Julius McKinney's rock, in the meantime, sat quietly with the postman, who had conducted a little discreet research into the meteorite market and had made contact with a few potential customers and agents, including a lawyer in Indianapolis who would represent McKinney in commercial negotiations. But in the early days of the meteorite frenzy, while the furor raged over the Hodgeses' piece of the rock, McKinney and the postman kept their secret.
Ann Hodges was taken to New York to appear on national TV. Back at home, she and her husband posed in bed with the rock for photographers from Life magazine. They may have made a little money off their notoriety, but they had lawyers to pay. It took them two years to get the landlady's lawsuit off their backs, which they finally did by paying her $500 to drop her claim.
By then, all those eager meteorite-buyers that the Hodgeses had been dreaming about were nowhere to be found. The legal fuss had left some potential customers reluctant to get involved with such litigious sellers. And public attention had moved on; even in Sylacauga, people were no longer particularly interested in that rock. The Hodgeses couldn't find a soul willing to pay good money for it.
They'd gotten one offer, back in the beginning, from a representative of the Smithsonian Institution in Washington. They had dismissed it then as ridiculously low. But now that title was finally clear and they could go ahead and sell the thing, they discovered that the Smithsonian was no longer interested.
Why? Because the museum had already purchased the McKinney chunk of the Sylacauga meteorite.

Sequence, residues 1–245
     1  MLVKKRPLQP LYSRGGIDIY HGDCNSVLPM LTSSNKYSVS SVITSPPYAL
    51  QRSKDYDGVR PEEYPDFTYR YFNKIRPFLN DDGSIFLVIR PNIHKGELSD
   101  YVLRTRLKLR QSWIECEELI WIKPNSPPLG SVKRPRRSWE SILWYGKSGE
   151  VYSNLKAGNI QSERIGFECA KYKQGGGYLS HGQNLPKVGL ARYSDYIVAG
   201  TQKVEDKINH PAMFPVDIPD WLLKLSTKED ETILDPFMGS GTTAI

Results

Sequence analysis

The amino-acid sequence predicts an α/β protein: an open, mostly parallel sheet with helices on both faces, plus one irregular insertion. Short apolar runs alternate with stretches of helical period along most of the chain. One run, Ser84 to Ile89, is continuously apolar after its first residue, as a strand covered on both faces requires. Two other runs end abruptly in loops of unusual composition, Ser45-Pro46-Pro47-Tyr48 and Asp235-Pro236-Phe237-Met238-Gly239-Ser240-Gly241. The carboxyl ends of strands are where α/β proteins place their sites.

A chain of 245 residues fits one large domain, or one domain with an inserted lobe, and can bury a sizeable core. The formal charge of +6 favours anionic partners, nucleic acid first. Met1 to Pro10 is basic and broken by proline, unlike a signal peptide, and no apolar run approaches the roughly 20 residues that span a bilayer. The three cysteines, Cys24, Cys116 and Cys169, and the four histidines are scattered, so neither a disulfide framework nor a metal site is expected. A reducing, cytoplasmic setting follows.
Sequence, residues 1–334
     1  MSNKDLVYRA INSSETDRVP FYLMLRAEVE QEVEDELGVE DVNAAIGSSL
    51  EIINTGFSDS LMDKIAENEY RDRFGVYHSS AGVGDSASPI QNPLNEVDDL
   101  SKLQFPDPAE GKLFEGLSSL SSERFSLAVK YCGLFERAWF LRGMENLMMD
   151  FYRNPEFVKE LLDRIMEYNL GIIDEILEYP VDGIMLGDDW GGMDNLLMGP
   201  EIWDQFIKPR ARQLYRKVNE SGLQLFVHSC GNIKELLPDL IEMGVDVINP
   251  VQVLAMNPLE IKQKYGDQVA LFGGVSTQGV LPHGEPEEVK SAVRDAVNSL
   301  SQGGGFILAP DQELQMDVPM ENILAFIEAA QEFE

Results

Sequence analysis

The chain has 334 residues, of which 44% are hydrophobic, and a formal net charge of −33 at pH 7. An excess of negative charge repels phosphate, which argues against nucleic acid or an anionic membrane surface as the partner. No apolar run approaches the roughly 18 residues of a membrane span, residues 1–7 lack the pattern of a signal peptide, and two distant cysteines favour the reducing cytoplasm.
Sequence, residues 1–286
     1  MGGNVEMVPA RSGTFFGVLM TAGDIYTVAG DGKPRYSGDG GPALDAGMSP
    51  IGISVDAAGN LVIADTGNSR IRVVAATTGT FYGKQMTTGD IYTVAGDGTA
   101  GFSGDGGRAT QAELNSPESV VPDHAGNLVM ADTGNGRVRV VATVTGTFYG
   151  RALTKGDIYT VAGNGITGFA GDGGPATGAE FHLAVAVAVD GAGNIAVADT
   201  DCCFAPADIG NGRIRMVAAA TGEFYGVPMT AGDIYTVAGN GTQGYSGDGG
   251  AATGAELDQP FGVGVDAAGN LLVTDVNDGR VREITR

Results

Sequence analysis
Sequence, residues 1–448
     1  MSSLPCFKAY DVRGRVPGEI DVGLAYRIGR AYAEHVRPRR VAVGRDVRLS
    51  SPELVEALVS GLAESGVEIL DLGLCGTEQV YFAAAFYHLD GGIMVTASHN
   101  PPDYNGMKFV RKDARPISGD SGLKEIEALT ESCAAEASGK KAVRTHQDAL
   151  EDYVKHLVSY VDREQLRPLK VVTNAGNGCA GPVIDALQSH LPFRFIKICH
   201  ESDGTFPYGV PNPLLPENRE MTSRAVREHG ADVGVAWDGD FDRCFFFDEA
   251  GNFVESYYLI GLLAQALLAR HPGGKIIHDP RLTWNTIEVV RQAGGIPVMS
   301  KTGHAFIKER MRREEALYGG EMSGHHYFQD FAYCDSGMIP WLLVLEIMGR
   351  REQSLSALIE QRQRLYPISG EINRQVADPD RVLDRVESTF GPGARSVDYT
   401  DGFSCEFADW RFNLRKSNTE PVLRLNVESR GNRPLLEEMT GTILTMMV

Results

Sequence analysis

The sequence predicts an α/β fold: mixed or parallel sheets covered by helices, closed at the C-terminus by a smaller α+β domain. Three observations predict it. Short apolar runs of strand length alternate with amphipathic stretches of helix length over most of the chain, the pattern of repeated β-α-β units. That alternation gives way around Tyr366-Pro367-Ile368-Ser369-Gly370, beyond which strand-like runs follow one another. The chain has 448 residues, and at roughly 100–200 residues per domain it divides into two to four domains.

For how much? The price has never been made public, but it is reported that after the sale, McKinney and his family bought a house and a car and possibly also ten acres of farmland.
The Hodgeses finally gave their rock away. In 1956, they donated it to the Alabama Museum of Natural History in Tuscaloosa, where generations of schoolchildren have made it by far the most popular exhibit in the museum.
It is said that Ann Hodges never fully recovered from all that fell on her that day from out of the clear blue sky: not just her injuries, but the unwelcome attention, the media manipulation, and the stress and expense of the protracted legal battle, with its disappointing outcome.
I would be thankful if we could get all these Thanksgiving myths sorted out. In the meantime, I am thankful for Thanksgiving, and for family and friends and our furnace.
The posture of number 6, who's been playing football this season for the Electrons of Ben Franklin High School, is ambiguous. Perhaps he's a kicker focusing on the ball on a tee; perhaps he's just unhappy about something in the game, or something unrelated to the game. Certainly, he's not celebrating.